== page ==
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Decarbonizing Development - Three Steps to a Zero-Carbon Future



“This report explores the types of climate policy packages needed to achieve a complete decarbonization of our economies by 2100, taking into account the many market failures, imperfections, risks, undesired distributional effects, and political economy obstacles that such a deep transition entails. It also offers a possible road map for countries that are planning their transition toward full decarbonization.

 Plan ahead with an eye on the end goal.

As a first step, those countries need to set up long-term objectives - say to 2050 - that are consistent with the end goal of full decarbonization. Although those objectives need not be commitments, they make it possible to work backward and identify what needs to be done immediately to avoid locking in carbon-intensive patterns and increasing the odds of costly changes later on. At the same time, countries need to identify mitigation actions that bring economic, social, or health co-benefits and are therefore desirable for development and improved welfare.

 From there, countries can design sector-specific shorter-term targets - to 2025 or 2030 - and establish a way to track progress on the four pillars of a zero-carbon strategy: (a) decarbonization of electricity, (b) massive electrification and a switch tocleaner fuels, (c) improved efficiency and reduced waste in all sectors, and (d) improved carbon sinks. A short-term goal expressed as an economy-wide emission target is also useful but cannot replace the sectoral targets, since it could be reached with marginal actions that do not contribute sufficiently to meeting the long-term goal.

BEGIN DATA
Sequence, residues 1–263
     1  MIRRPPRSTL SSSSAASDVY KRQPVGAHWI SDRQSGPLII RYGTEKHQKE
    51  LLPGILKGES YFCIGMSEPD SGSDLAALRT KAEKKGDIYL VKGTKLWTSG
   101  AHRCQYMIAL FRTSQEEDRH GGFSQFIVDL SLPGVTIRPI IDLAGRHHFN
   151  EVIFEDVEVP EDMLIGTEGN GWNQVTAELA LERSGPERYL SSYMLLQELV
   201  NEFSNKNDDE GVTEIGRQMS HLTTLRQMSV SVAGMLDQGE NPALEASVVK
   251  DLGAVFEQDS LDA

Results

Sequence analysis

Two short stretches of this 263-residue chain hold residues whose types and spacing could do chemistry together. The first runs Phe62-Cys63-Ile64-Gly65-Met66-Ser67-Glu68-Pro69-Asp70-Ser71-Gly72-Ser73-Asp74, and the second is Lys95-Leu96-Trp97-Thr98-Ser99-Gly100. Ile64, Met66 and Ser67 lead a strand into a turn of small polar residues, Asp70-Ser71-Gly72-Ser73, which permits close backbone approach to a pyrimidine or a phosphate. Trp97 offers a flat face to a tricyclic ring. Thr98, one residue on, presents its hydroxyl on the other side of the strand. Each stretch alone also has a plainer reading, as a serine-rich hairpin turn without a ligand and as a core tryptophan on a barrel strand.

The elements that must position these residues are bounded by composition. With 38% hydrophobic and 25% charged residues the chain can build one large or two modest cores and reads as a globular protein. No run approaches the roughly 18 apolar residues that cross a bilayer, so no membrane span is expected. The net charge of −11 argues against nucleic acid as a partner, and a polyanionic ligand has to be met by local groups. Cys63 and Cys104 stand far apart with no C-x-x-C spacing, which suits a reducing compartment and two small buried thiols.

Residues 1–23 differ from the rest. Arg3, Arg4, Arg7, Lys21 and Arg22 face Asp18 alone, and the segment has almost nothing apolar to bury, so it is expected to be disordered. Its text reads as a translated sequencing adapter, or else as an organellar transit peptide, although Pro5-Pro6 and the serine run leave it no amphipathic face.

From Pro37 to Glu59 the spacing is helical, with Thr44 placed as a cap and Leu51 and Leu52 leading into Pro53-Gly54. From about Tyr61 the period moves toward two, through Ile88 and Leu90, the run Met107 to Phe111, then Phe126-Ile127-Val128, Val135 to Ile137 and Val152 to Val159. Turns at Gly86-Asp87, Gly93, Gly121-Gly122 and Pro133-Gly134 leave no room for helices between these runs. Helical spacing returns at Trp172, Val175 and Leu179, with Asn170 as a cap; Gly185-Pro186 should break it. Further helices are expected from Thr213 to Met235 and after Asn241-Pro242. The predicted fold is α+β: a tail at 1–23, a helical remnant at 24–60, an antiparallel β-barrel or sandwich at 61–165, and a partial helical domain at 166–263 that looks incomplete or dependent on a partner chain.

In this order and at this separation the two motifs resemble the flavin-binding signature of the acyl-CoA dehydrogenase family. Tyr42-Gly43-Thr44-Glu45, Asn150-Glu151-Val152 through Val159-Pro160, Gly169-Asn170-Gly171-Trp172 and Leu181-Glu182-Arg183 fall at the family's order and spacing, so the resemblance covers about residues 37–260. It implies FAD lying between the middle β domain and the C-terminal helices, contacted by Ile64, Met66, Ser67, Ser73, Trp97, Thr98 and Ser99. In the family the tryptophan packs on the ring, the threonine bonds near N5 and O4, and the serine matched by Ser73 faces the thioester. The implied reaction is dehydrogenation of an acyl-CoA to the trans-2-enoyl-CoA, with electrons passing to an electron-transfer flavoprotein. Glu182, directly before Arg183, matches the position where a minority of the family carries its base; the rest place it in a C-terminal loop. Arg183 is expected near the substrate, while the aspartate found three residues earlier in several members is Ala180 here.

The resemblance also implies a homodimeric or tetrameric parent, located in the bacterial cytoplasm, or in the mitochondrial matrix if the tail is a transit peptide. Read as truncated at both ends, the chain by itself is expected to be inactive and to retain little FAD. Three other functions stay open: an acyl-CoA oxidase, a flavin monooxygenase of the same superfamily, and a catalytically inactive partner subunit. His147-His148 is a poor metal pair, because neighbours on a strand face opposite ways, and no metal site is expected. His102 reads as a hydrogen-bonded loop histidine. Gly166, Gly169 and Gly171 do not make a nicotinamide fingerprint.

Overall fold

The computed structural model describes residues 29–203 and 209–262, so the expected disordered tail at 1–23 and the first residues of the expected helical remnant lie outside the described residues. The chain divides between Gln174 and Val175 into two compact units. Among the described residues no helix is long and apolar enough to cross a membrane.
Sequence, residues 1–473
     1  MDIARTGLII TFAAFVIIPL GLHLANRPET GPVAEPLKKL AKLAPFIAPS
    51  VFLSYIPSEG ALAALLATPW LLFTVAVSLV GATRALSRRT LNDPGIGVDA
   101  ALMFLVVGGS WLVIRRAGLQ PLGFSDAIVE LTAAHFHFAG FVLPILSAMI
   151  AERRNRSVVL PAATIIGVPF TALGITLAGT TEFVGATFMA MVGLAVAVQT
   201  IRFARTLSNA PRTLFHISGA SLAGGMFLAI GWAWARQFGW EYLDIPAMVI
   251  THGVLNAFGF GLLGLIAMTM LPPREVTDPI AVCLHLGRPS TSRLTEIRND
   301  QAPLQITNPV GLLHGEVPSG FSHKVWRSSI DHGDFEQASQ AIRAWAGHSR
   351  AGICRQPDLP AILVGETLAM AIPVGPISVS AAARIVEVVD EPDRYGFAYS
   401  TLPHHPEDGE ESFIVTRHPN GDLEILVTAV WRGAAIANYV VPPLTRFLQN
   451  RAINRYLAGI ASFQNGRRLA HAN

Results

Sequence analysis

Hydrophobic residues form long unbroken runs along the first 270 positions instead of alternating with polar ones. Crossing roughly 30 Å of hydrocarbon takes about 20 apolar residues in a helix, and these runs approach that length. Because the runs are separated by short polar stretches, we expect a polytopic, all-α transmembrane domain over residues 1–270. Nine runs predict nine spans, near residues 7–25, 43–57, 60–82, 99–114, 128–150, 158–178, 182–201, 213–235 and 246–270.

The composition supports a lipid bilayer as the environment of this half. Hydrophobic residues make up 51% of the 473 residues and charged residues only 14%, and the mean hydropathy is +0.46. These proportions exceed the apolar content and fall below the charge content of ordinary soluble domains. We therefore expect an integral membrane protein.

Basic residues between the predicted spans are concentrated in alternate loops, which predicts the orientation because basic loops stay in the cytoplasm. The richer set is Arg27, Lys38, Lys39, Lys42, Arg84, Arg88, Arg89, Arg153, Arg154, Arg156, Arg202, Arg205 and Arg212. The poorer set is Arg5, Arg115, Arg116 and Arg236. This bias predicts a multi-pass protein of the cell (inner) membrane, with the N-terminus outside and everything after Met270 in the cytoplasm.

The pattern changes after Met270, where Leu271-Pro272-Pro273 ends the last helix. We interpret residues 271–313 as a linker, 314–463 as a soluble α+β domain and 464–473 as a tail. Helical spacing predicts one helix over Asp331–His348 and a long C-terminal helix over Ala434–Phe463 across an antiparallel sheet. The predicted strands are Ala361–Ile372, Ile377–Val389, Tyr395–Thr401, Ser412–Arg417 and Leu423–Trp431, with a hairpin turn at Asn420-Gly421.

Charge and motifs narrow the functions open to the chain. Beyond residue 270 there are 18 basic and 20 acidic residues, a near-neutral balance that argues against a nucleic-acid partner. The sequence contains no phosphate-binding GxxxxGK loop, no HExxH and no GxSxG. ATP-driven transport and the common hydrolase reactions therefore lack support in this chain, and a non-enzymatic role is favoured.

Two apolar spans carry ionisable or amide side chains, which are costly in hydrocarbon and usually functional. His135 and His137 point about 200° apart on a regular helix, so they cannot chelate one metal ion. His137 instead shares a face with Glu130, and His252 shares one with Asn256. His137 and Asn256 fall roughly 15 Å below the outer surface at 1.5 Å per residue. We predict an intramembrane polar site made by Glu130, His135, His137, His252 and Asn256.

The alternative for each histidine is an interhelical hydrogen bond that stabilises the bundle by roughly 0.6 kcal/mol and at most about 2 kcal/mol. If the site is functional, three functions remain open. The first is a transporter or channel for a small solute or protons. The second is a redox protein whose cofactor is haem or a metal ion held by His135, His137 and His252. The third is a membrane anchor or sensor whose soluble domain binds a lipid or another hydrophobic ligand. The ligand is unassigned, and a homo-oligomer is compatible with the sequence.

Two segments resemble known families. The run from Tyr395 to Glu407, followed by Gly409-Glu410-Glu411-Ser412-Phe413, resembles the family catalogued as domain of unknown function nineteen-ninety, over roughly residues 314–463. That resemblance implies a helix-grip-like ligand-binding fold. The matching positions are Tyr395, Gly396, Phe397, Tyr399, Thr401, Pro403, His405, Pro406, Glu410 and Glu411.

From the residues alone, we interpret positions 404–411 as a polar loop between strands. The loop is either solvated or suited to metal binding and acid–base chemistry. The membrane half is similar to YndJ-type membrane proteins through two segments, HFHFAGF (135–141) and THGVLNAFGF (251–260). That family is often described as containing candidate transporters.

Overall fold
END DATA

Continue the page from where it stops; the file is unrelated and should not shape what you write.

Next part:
Go beyond prices.

Then, countries need to craft a comprehensive policy package that includes the following elements:

  •  Getting prices right - including pricing carbon, which is both good fiscal and  envirenmental policy - represents an efficient way to raise resources and can be  designed to be easier to administrate and harder to evade than other taxes. It is    relevant for countries at all income levels, provided that it raises revenues and that  those revenues are used to support poor and vulnerable people, to reduce distortive  taxes on labor and capital, and to invest in the future (such as in infrastructure or  education).  
  •  Measures to complement (or, if need be, substitute for) carbon pricing.
     Innovation incentives will be crucial in countries at the technology frontier.Labels,  performance standards, fiscal incentives, and financial instruments have proven track  records in countries at all income levels and can ensure that the best technologies are  deployed to reduce energy demand and carbon emissions. Those instruments are not  only more efficient than a carbon price in triggering behavioral changes in some  sectors, but they also reduce the level of the carbon price that is needed to achieve  decarbonization, making it more acceptable, credible, and realistic. And making  financing available will be key to implementation. 

Protect poor people and avoid concentrated losses.

Finally, the policy package must also include measures that make it attractive for the broader population and that avoid impacts that appear unfair. Understandably, analyses of climate policy packages typically focus on the design of the climate side of the package - the pricing instruments, the role of regulation and norms, and the support to innovation and green technology. However, the review undertaken in this report suggests that a large share of the challenge lies in the political economy. Success in stabilizing climate change will be largely determined by the ability of those accompanying policies to ensure that the decarbonization of the economic system contributes to economic development and the sustain-able eradication of poverty.

Decarbonizing development is necessary to stabilize climate change. All countriesare well-advised to start now, but not all will. Some countries will choose to embark on this journey sooner than others. To those countries, our message is that starting early in keeping an eye on the end goal is the way to go, along with a policy package that goes beyond prices to trigger changes in investment patterns, technologies, and behaviors and that smooths the transition for those who stand to be most affected - keeping in mind that political economy is what reforms live or die by.”

Quelle: The World Bank